What is the RFI, and how is it used?
Known gross emissions from aircraft are multiplied by an RFI to give a more representative figure. There are two components to consider here:
- Firstly, we have radiative forcing, which involves the balance between the sun’s radiation reaching the earth, and heat leaving the earth from anthropogenic and natural factors.
- Secondly, greenhouse gases emitted at altitude result in more potential heating than if the same amount was emitted at sea level, as higher altitudes affect fuel combustion and emission characteristics.
Accounting for the interaction between these phenomena at altitude requires accurate measurement methods. This is where the RFI comes in.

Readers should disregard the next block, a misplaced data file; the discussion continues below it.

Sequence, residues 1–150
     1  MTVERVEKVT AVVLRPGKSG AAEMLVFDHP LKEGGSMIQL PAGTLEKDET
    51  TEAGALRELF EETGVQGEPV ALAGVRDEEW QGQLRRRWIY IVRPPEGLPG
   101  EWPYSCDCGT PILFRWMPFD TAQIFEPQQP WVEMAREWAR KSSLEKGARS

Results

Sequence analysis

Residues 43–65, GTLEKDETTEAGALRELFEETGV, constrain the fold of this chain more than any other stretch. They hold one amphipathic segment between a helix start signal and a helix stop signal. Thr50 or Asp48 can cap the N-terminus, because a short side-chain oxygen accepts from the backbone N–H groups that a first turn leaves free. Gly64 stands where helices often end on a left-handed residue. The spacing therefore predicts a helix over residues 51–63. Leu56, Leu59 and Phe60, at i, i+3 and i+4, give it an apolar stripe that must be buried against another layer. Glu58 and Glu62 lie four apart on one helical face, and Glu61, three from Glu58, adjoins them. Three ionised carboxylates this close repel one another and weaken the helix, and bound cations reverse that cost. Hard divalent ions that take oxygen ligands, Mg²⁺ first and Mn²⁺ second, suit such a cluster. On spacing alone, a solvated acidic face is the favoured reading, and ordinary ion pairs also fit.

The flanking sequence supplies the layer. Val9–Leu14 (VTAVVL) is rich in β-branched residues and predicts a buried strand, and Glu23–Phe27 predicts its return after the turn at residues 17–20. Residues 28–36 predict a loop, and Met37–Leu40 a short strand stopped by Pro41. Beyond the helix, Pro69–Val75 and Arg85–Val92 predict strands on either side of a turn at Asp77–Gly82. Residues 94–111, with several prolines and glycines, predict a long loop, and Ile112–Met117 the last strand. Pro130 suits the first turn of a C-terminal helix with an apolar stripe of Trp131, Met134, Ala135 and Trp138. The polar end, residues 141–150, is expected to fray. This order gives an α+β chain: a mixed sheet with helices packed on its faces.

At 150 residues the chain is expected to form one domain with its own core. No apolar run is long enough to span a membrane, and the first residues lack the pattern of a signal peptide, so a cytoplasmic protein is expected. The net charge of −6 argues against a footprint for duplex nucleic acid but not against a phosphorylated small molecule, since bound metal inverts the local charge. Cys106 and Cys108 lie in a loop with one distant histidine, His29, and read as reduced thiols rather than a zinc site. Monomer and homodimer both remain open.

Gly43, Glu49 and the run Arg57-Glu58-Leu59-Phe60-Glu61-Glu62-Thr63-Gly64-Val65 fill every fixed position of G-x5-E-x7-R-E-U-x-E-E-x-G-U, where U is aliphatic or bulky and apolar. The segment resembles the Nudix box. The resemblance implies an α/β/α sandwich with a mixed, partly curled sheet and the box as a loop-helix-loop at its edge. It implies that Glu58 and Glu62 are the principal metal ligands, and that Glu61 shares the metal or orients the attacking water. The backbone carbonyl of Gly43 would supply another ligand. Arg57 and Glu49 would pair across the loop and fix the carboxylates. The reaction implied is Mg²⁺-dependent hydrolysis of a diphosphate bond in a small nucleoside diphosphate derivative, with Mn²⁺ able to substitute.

Often an RFI is only applied if the flight reaches high altitude (25,000 feet or 7.6km). For example, if a plane was on an 800 km flight and its altitude was above 25,000 feet for 250km, the RFI would only be applied to 250km of the flight.
Estimations for the RFI from different literature range from 1.0 to 3.0. However, there is no consistent recommendation on which RFI value should be used. In its programmes, Toitū Envirocare takes a conservative approach and applies an RFI of 1.9 to the entire flight journey. This approach is informed by our current understanding of the science, published literature and international best practice.